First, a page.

May 14, 2012, 01:25 PM
IS MELTING OF SILVER COINS LEGAL?
Always a debatable question that needs to be openly clarified.
The answer is 'YES"...
After some research, the following web site provides a synopsis which clarifies the topic: Is melting silver coins legal
One often wonders how many coins are melted annually...
How many rare coins of collection significance are melted just because the silver market exceeds the intrisic value to a collector...we will never know.
Or do smelters hand select or separate bagged or boxed coins?
A lot of questions surround this topic.
The more one learns the more he understands his ignorance. I am simply an ignor ant man trying to lessen his ignorance
Those with the most birthdays live the longest
May 14, 2012, 01:35 PM
The coin dealers are the ones buying the silver coins. They keep out the better ones and turn the rest in to have them melted down.
May 14, 2012, 10:07 PM
I can Melt a Morgan but not Pennies, Yep, Life is Good!!!
Live to Hunt, Hunt to Live
May 14, 2012, 10:12 PM
Yes they have been melting them for years now, I remember a guy in the local coin shop showing me all the coins he had for melting, they were all really worn and worth no more than silver value so that's what he did with them. That was in the late 80's.
May 15, 2012, 08:27 PM
Guess again. In the last year that I've visited several local coin dealers, they have had no reason to ship to a refinery, they sell all the silver that comes in so fast that there's no chance for any to collect dust. I've bought many times, and ya gotta get it while the gettin's good my friend. Why on earth would they sell to a refiner, when there is more money to be made from collectors and investors coming in off the street?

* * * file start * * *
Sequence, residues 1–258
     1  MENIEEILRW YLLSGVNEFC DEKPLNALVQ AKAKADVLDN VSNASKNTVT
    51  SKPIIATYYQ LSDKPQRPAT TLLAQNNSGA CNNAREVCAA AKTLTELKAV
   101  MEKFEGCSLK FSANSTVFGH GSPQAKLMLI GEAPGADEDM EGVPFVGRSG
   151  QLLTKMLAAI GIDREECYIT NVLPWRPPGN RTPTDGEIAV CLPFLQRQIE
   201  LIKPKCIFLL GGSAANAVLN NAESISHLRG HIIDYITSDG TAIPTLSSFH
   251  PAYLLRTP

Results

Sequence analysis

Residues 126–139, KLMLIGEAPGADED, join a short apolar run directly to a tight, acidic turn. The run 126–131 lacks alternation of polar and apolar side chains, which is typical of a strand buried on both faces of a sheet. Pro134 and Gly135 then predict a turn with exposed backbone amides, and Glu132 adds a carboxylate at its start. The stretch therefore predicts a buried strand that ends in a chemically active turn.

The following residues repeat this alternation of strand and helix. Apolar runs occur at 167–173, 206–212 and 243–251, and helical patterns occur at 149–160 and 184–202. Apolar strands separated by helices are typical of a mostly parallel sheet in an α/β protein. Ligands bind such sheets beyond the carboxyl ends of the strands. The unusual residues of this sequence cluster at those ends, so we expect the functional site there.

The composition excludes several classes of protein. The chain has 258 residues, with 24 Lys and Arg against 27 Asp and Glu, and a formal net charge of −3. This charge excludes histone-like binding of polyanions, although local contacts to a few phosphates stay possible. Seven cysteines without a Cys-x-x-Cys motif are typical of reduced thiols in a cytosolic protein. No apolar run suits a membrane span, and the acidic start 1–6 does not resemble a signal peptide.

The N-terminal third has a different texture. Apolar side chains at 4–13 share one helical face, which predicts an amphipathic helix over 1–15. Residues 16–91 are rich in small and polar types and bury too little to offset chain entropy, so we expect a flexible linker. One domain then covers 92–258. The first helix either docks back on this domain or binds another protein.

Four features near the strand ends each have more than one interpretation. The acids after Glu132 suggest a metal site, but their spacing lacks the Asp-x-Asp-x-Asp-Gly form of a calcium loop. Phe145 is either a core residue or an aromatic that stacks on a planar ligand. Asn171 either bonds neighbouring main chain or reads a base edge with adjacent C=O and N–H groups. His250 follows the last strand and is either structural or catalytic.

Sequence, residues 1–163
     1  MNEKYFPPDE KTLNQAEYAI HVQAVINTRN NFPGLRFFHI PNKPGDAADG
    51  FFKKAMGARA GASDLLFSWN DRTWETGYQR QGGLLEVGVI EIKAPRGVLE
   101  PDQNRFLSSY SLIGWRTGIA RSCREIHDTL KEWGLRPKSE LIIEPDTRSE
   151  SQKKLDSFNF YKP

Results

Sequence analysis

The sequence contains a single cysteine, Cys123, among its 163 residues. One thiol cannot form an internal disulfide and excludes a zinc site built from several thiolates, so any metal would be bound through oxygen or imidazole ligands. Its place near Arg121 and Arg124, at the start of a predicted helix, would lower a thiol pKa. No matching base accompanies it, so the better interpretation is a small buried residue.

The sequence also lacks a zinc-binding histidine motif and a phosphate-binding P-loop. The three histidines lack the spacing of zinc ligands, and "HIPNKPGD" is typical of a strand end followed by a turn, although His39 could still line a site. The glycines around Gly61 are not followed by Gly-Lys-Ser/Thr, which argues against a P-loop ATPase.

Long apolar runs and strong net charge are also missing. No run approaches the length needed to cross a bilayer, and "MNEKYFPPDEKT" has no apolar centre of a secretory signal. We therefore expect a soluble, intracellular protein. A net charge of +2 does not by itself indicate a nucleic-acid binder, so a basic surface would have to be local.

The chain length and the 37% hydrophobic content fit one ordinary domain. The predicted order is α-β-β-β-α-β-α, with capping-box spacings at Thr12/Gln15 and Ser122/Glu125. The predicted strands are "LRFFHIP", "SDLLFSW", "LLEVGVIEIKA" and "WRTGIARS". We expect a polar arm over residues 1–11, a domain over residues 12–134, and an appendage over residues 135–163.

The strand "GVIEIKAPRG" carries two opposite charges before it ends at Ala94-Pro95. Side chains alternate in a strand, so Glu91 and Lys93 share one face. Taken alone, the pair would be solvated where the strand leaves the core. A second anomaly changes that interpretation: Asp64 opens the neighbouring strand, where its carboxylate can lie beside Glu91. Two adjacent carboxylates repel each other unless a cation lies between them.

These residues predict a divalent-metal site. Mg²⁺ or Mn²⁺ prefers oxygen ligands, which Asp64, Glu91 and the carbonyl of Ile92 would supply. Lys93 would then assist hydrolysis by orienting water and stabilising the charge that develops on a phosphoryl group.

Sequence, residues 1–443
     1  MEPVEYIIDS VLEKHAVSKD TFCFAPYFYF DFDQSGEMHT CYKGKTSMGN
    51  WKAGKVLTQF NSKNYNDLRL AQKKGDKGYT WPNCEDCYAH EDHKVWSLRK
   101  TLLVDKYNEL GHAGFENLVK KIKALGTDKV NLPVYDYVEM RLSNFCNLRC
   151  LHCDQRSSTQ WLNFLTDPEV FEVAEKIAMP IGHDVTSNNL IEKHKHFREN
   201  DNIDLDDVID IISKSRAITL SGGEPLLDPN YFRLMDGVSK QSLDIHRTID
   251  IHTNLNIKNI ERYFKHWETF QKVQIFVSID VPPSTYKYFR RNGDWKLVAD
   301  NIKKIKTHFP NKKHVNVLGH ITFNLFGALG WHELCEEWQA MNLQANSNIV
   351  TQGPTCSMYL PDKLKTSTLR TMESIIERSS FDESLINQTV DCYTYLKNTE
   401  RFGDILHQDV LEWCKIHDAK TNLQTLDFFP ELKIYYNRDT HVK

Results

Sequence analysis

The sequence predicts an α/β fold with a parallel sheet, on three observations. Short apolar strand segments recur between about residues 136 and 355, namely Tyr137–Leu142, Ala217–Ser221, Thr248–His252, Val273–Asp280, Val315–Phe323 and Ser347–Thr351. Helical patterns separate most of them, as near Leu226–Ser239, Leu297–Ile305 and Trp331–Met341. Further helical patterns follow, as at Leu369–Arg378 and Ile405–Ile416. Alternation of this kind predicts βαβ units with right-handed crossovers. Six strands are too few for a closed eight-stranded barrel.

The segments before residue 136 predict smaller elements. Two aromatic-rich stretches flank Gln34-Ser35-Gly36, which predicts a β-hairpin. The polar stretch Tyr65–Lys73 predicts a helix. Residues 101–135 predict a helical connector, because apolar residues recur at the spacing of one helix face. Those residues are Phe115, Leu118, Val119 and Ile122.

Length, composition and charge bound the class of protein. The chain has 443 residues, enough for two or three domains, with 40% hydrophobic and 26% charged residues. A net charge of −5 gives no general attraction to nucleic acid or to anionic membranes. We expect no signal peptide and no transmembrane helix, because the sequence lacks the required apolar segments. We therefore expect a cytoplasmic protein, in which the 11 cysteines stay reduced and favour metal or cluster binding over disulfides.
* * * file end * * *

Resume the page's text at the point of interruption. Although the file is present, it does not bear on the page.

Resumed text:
Originally Posted by jimb
May 15, 2012, 10:34 PM
what hath god wrought
Whether it is legal or not is a moot point. Nobody melts a coin that is numismatically more valuable than melt value, unless said nobody was a complete dumbbass and did not know what the hell was going on. Now, illegal or not, they always have and always will melt coins that are not worth more face value than melt value, it's called profit. But nowadays, you have numismatic value to throw into the mix. We have to ask is this coin worth more in face value, numismatic value, or melt value?. I know I got about a hundred silver dimes that are worth ten cents face value, almost zero numismatic value, and a whopping two dollars melt (bullion value). The legal or illegal smelting pot is ready, willing and waiting for smoothies any day.
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